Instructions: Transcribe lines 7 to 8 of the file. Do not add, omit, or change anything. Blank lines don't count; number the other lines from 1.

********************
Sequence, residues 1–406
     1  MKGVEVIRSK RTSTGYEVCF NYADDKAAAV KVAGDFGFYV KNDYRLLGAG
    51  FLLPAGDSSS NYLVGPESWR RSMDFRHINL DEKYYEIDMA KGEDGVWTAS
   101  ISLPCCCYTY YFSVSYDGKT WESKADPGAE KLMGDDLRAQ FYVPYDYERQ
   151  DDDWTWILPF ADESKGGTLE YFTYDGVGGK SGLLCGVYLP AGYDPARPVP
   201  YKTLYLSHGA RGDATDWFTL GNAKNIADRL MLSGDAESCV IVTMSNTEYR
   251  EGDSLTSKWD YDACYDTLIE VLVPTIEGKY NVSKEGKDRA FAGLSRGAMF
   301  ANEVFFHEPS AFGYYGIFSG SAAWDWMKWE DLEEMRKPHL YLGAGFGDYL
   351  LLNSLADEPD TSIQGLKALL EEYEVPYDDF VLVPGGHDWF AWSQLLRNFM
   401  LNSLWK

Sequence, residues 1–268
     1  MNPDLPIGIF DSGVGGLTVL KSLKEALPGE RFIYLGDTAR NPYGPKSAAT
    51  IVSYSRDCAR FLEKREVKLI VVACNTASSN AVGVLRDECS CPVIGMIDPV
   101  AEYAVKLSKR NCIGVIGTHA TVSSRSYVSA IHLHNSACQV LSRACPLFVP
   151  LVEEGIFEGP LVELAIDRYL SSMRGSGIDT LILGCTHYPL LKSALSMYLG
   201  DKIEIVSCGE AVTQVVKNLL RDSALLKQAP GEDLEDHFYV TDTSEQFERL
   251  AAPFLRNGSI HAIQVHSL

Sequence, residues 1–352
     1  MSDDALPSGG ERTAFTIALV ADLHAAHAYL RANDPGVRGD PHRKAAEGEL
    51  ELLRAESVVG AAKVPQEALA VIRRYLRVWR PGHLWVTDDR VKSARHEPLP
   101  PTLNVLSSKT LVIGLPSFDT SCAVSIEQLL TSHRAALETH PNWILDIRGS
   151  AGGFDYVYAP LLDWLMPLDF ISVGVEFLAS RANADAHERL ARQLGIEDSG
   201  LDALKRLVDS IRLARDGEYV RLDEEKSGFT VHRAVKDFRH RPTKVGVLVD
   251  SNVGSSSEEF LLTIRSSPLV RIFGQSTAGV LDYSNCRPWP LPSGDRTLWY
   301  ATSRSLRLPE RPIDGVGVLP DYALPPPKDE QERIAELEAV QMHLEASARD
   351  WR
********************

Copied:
   251  EGDSLTSKWD YDACYDTLIE VLVPTIEGKY NVSKEGKDRA FAGLSRGAMF
   301  ANEVFFHEPS AFGYYGIFSG SAAWDWMKWE DLEEMRKPHL YLGAGFGDYL